The 1960s were filled with tons of incredible (and forgettable) music. Two of my most-loved musical institutions are products of that decade – The Beatles and Motown. So I was taken aback to find this little gem at Missing Link Records in Austin, Texas last summer.

Although I was unaware of the album’s existence, it makes a great deal of sense. The Beatles were heavily influenced by American pop and soul, including Motown. Indeed, the Fabs’ early discography includes memorable covers of tunes made famous by The Marvelettes, The Miracles and Barrett Strong. By issuing an album of Mersey Beat covers, The Supremes were seemingly returning the favor.

That was the narrative in my head when I bought the album, anyway. Listening to the disc reveals that this was pretty much a calculated opportunity for Berry Gordy to cash in on the popularity of the British Invasion. It’s not that A Bit of Liverpool is a *bad* album, it’s just that it could have been so much better, with not much more effort on the part of the Supremes or the Motown machine.

The album serves up 11 cuts, two of which (puzzlingly enough) generated out of Motown – Smokey Robinson’s “You Really Got a Hold On Me” and the Berry Gordy-penned “Do You Love Me,” which saw its greatest success in a 1962 recording by The Contours. Granted, both songs were revitalized by British groups. The Beatles’ included “You Really Got a Hold on Me” on their second UK LP, while The Dave Clark Five recorded a rousing rendition of “Do You Love Me” on their Glad All Over album. Yet to reclaim these tunes via covers by The Supremes on an album conceived and marketed as the ladies tackling the British Invasion songbook seems unnecessary filler.

Even in their workings of the proper Liverpudlian material, The Supremes most often sound as if they’re going through the motions dispassionately while Gordy counts his money. The album opens with a rendition of the Gerry and the Pacemakers hit “How Do You Do It,” in which the group’s vocals (presumably mocking a cockney accent) sound as if the studio engineer required Diana, Mary, and Florence to wear clothespins on their noses. More frequently, the tracks are marred by all three ladies handling vocal duties simultaneously, rendering the ability to distinguish their individual talents impossible. Thus, none of the vocalists are given the opportunity to shine, instead resulting in a kind of uncompelling vocal mush.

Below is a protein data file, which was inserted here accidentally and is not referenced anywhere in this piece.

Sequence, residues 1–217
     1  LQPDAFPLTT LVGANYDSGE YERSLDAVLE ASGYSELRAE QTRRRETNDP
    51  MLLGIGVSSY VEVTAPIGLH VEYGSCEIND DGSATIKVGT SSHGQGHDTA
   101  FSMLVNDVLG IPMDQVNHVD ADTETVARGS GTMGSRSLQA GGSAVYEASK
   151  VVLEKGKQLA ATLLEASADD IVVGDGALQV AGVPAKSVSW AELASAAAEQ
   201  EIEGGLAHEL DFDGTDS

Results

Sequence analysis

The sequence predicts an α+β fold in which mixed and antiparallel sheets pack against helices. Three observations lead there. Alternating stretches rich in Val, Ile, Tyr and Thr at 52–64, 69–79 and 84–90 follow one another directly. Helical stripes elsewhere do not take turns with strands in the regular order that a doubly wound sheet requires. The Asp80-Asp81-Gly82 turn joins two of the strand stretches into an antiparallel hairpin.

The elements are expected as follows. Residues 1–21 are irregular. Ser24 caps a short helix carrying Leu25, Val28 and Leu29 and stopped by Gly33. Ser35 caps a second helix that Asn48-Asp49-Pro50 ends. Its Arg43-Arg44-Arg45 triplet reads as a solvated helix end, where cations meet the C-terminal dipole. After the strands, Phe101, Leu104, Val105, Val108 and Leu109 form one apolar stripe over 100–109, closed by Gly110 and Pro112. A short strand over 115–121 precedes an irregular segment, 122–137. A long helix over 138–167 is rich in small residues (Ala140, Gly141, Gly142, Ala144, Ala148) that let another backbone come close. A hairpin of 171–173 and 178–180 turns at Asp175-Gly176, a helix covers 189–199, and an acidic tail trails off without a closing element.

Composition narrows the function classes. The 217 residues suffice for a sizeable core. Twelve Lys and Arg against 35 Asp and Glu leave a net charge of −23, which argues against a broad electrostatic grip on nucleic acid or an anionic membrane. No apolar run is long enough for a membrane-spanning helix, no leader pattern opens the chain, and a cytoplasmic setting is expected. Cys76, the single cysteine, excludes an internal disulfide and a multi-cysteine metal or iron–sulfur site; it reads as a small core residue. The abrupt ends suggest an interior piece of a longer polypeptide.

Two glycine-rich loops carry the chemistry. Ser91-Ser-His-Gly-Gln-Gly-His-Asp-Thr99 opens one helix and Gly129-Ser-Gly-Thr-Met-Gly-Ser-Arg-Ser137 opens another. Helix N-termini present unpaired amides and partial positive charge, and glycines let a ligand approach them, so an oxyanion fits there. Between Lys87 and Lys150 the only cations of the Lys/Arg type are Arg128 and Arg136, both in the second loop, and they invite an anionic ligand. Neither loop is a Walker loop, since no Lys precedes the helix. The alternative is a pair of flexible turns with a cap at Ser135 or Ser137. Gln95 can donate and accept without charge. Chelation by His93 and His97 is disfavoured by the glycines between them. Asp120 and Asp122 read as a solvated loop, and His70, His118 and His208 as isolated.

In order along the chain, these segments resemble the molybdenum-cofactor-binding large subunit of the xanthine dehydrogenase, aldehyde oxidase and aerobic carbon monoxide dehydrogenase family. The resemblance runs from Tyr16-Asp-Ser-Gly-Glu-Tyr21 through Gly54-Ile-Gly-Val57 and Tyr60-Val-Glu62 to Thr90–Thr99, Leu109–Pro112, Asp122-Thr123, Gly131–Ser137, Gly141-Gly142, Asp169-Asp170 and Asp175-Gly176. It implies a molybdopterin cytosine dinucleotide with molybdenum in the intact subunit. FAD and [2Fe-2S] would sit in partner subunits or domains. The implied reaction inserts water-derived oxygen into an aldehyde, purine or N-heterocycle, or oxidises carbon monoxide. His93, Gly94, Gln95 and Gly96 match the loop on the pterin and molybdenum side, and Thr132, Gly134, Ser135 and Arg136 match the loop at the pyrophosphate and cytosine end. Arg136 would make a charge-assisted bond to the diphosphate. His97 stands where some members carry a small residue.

There are bright spots, however. The ladies’ take on Dave Clark’s “Because” suits the sort of sweetness that were The Supremes stock and trade (although it does suffer from the aforementioned vocal malady):

Their take on “Do You Love Me” is excellent, shifting the balls-out rock of The Contours original (and even more manic covers by the Dave Clark Five and The Sonics) to a burst of energetic, sly sexiness (despite being a Motown cover of a British Invasion cover of a Motown song):

By far the best cut on the album is a cover of The Beatles’ “You Can’t Do That,” a nugget from the A Hard Day’s Night LP that was also issued as a b-side (to “Can’t Buy Me Love”).

In the final analysis, the melding of Detroit and Liverpool on this LP doesn’t quite work. The best cuts on the album could easily have been included on other LPs rather than standing out as the few moments that really “work” on a thematic collection of British Invasion tunes. That, or in producing the album, Berry Gordy should have focused more on showcasing the solo vocal talents of each member rather than shoving them all together. And for the love of god, the mock accents have to go.

Originally issued as Motown 623 on October 16, 1964, Bit of Liverpool was issued on CD in 1992, but has since fallen out of print.  You can find it online for upwards of $125 if you’re interested in spending that much on a mediocre CD with 1992 production values.  Or, you could just dig in the crates a bit – I paid a whopping $5.99 for my copy.

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